Five years later, the same fate befell Warren Specter (Bear Stearns), Stan O’Neal (Merrill Lynch (BAC)), and Chuck Prince (Citigroup (C)), all of whom cashed in before prices collapsed.

We watched Goldman Sachs (GS) take over Washington, one by one until they ruled the roost. Hank Paulson sold upwards of $500 million in stock through a tax-free loophole.

We invaded Iraq after being told they possessed Weapons of Mass Destruction.

There was the blackout in the Northeast -- still yet to be explained -- Abu Ghraib Prison abuse, Hurricane Katrina, election shenanigans, the iPod, Anthrax fears, terror alerts, Patriot Acts, American Idol, “Mission Accomplished,” Martha Stewart, Madonna kissing Britney, Howard Dean going nuts, Janet Jackson’s nip slip, Facebook, YouTube, Twitter, ring-tones, Tsunamis, and steroids. The Soprano’s, 24, and Lost faded to black. The Red Sox finally won the World Series. Britney, Lindsay, and Paris captivated the mainstream mindset before falling prey to the trappings of success.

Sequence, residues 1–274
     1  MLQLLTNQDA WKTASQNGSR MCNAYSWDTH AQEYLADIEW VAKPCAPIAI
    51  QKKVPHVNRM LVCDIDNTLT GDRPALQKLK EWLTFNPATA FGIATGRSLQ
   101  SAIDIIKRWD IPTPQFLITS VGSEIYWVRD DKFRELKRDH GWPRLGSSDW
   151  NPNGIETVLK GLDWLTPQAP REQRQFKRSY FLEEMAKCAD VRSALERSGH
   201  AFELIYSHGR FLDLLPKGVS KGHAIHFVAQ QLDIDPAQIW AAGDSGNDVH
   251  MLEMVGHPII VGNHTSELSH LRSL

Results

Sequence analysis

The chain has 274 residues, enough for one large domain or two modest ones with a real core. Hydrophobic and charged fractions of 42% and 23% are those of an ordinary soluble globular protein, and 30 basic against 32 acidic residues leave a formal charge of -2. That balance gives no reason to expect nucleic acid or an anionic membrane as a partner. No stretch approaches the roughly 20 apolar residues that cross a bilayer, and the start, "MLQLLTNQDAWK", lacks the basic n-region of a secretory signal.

We’ve shared some great moments and some tough times, with moments of moderation sprinkled in for good measure.

Little did I know that I would embark on a journey to share those events in real-time.

Run, Run, Run for the Roses

History will describe the last decade as a stretch when most folks chased the pied piper of immediate gratification, losing sight of what truly mattered and why. When the dust settled, it was the single worst period in the history of financial markets.

While not everyone transgressed, few emerged unscathed as The Age of Austerity arrived. Many are still learning that lesson, some are experiencing it for the first time.